Brothers Salah and Brahim Abdeslam, 26 and 31, ran a café named Les Beguines in the Belgian suburb of Molenbeek. This café was shut down by authorities earlier in November 2015 because it was believed to be a drug-dealing hub. Later, the duo took part in the savage Paris attacks. Salah travelled to Budapest in Hungary to pick up militants who had arrived with a massive influx of refugees. Brahim detonated a suicide vest near a café on Boulevard Voltaire in Paris on 13 November 2015, blowing himself up. Salah is believed to have driven the militants to their targets in a hired car. An abandoned vehicle containing Salah’s fingerprints was found near the Bataclan theatre, where the concert attendees were killed. An abandoned explosive belt was found amid a pile of rubbish in the southern Paris district of Montrouge, which the authorities suspect could have belonged to Salah, who possibly backed out from the plot last minute. Salah then fled the country, being driven by accomplice Hamza Attou, together with Mohammed Amri. It has since been discovered that Salah contacted the alleged accomplices after the attack, and threatened to blow up the car if they didn’t drive him back to Belgium. Their car was believed to have been stopped by French authorities three times on their way back to Belgium, but since Salah had not yet been declared a suspect, he was manage to escape unnoticed. He is still at large, and is one of Europe’s most wanted terrorists. Salah is still alive, which is probably why he is left out from Dabiq’s pictorial tribute, which seems to feature only those militants who were slain.
20-year-old Bilal Hadfi was a French citizen, who was living is Belgium. On the day of the attack, he attempted to enter Stade de France where France was playing against Germany. Having been denied entry into the stadium, he blew himself up near rue de la Cokerie. Hadfi lived in Neder-over-Hembeek in Belgium, and Belgian prosecutors claim they knew he went to Syria to fight with IS, but were unaware about how he arranged his return.
Omar Ismail Mostefai
Mostefai was a 29-year-old French national of Algerian descent. He blew himself up after the massacre at Bataclan, where 89 people were killed. He was born in the Paris suburb of Courcouronnes, where the police identified him as a petty criminal. He garnered eight convictions between 2004 and 2010, but did not spend any time in jail. He lived in Chartres near Paris from 2005 to 2012. French authorities identified Mostefai as a suspected Islamic radical in 2010, and entered his details in a database. Since then it is believed he could have travelled to Syria and Algeria. After the Paris attacks,Turkish authorities received an information request about Omar Ismail Mostefai from France, as records showed that he entered Turkey in 2013 but there were no records to prove he had left.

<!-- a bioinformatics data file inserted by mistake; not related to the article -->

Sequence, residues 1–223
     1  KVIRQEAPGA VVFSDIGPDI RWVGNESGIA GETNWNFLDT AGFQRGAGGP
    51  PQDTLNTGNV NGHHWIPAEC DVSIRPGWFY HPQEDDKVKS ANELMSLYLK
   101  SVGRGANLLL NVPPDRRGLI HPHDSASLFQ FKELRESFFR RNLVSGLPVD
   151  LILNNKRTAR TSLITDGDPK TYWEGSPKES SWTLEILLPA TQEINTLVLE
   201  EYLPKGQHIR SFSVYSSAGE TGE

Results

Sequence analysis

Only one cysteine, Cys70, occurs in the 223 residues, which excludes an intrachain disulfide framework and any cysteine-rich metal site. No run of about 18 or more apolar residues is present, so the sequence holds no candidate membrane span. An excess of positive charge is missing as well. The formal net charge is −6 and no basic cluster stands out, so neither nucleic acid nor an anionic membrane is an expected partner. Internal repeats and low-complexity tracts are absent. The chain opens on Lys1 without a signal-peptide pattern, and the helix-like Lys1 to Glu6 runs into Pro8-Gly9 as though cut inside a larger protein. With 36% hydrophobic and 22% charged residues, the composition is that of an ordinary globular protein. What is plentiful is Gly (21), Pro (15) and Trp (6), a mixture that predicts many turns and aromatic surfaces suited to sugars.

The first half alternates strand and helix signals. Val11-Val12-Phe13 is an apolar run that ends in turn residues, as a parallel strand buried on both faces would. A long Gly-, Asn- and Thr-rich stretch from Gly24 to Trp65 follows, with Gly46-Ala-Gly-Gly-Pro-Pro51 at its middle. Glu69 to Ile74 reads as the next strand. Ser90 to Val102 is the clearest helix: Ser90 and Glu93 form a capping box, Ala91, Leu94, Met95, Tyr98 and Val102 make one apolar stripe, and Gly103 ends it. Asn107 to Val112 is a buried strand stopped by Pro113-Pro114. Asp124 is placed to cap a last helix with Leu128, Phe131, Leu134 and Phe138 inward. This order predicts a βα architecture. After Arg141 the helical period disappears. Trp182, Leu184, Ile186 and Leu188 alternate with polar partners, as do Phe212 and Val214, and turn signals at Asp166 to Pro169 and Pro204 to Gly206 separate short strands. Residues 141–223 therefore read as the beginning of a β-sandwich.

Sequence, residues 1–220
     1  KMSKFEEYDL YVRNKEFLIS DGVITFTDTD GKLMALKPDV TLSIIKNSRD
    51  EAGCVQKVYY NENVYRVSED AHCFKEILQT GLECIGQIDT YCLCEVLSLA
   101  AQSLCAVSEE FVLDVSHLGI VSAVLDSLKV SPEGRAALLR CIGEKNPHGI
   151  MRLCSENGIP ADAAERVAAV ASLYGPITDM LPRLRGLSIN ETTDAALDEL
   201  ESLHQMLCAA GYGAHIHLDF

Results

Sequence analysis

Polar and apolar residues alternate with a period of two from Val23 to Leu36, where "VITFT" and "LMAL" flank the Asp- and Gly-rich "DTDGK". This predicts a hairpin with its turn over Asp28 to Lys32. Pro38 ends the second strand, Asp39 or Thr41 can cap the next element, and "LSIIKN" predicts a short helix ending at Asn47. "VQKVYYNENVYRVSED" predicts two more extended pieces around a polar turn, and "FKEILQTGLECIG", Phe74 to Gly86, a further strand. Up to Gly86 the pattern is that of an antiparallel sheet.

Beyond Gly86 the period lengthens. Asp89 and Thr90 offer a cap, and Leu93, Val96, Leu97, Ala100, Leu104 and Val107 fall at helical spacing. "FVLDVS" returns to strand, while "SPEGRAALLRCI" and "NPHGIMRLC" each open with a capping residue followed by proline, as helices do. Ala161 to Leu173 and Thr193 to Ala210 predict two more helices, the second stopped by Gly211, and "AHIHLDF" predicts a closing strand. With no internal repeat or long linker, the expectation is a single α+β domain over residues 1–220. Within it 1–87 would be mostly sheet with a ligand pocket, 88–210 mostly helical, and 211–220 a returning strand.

28-year-old Amimour was also a suicide bomber who blew himself up at the Bataclan. In 2012, it was claimed that he planned to go to Yemen, which resulted in him being charged with terror offences. He was placed under judicial supervision but couldn’t be tracked after some time, which led authorities to issue an international arrest warrant. French newspaper Le Monde published in 2014, the details of a journey by a 67-year-old Parisian man travelled to Syria to request his son to leave IS and return to France. After the son refused to leave, the father had to return home without him. This son is now believed to be Amimour, as the true identity of both father and son were hidden by pseudonyms.